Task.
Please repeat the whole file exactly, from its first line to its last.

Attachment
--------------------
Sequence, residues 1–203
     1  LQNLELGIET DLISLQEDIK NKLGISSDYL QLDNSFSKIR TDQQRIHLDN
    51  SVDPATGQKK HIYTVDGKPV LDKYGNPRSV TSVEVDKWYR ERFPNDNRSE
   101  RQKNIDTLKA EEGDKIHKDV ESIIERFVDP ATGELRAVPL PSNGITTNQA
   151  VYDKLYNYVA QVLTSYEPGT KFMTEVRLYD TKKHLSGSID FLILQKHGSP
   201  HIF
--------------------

Sequence, residues 1–203
     1  LQNLELGIET DLISLQEDIK NKLGISSDYL QLDNSFSKIR TDQQRIHLDN
    51  SVDPATGQKK HIYTVDGKPV LDKYGNPRSV TSVEVDKWYR ERFPNDNRSE
   101  RQKNIDTLKA EEGDKIHKDV ESIIERFVDP ATGELRAVPL PSNGITTNQA
   151  VYDKLYNYVA QVLTSYEPGT KFMTEVRLYD TKKHLSGSID FLILQKHGSP
   201  HIF